Advice on fingerpicking style

Discussion in 'Acoustic BGU Questions and Comments' started by Tom_D, Nov 9, 2021.

  1. dvs

    dvs Green Mountain Blues

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    @Tom_D, to your original question - These days it seems I do mostly finger-style playing. I use almost exclusively my thumb, index finger and ring finger and I rarely use the other two at all. I've never paid attention to not playing the same string twice consecutively with the same finger. As far as I can tell in some quick tests, it doesn't seem to happen very often. When it does, it usually makes sense rhythmically and it feels quite natural. It's getting a little late for me to do much about it, but I can see that being a useful general recommendation for someone learning.

    In my bass guitar lessons, alternating fingers and what to do with them when moving from one string to another is given a lot of weight. I am finding it worth my while to pay more rigorous attention to that than I did with my 6-string.
     
    #21 dvs, Nov 11, 2021
    Last edited: Nov 11, 2021
  2. Elwood

    Elwood Blues

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    Doug, that is a fine response!!! You got me thinking about what I usually do. Like you I am usually Thumb and first two. I am not as disciplined as you, and many of the finger players here, so my fingers just sort of fend for themselves finding notes. I don't have a formal array of picking patterns (yet). I am finding that my third finger is joining in on the fun more often lately. Grabbing chords and some loose roll kinda moves. It doesn't seem offensive so I will probably let it go and see if it turns into something useful more often.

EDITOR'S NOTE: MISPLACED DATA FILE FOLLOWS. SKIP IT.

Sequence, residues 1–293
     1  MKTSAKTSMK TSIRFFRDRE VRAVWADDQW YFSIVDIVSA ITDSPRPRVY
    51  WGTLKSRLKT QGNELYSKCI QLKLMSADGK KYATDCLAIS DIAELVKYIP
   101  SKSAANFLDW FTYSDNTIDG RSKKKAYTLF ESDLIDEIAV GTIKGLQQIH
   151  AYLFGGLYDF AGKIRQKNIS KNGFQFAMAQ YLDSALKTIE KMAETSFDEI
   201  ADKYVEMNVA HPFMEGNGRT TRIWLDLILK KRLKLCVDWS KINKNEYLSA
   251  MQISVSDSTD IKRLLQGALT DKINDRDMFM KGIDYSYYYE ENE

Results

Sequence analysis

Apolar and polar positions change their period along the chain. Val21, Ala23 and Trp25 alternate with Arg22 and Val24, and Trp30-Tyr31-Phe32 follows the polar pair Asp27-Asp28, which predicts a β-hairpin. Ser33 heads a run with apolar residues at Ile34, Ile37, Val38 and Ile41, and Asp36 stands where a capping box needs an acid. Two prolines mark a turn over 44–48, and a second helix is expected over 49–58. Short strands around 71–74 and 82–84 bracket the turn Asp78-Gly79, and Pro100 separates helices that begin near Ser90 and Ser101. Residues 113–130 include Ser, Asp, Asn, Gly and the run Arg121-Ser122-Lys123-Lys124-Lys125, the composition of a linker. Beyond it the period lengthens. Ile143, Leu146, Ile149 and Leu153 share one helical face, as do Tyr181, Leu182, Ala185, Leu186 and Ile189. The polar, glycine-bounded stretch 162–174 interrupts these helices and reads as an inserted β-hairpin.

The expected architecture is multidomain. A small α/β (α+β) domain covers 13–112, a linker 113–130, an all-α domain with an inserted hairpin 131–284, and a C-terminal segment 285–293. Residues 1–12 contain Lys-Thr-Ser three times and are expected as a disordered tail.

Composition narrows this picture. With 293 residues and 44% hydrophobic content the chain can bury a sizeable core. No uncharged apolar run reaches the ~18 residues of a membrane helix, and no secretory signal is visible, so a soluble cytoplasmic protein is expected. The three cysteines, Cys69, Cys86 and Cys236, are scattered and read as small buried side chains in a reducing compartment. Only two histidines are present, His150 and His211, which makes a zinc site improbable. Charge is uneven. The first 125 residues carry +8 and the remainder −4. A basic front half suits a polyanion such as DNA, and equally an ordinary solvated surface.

I totally agree that striking the same string with the same finger consecutively may happen, or may not. More driven by the needs of the tune and my ability to get through it. I understand how that could be expressed as verboten, especially in a teacher/student situation. Just like alternate picking I guess, folks get all dogmatic sometimes. I'm so happy if something I do sounds good I don't care what got co-mingled.

    One thing that may make my views a bit less valuable to most of you, is that I have been trying to adjust to using a thumbpick, lots. This makes for some strange picking if you have my "free range" approach to picking. That is coming along. On a good day I can run my normal (xxx-ronome) drills using the thumbpick. Taking a dose of my "force adaptation" medicine. So far, I like how it is going, and the dogs love the back scratches. Along with all that I have been engaged in a lengthy struggle for independence, of my right thumb, that too is a work in progress.

    Playing bass, I just wore down the two long fingers, the thumb or any sort of plectrum was due to medical necessity (fingers shot and gotta play).

    Sometimes I find myself trying the two finger bass "stutter" (a short burst of whatever short notes fit) over one of the skinny strings, like the "B". I think if I can target the string accurately (practice) and kill all collateral noise (maybe some left hand muting) it could work and be interesting. Think of how some of those classical guitar lines go, I know - worlds apart - still a very cool sound if you could tame it.
     
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  3. Tom_D

    Tom_D Blues Newbie

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    Thank you, and Elwood, for the fine responses! This makes a ton of sense. I think what I'm going to do is practice the exercises that are specifically about thumb/finger independence as rote as I can, using different pairs of fingers, just to get my fingers loosened up and in the habit of moving around the strings. Then when I play the more melodic stuff and songs I won't think about it, I will just let them do whatever they want and I won't get mad at them.
     
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  4. LarryMolter

    LarryMolter Blues Newbie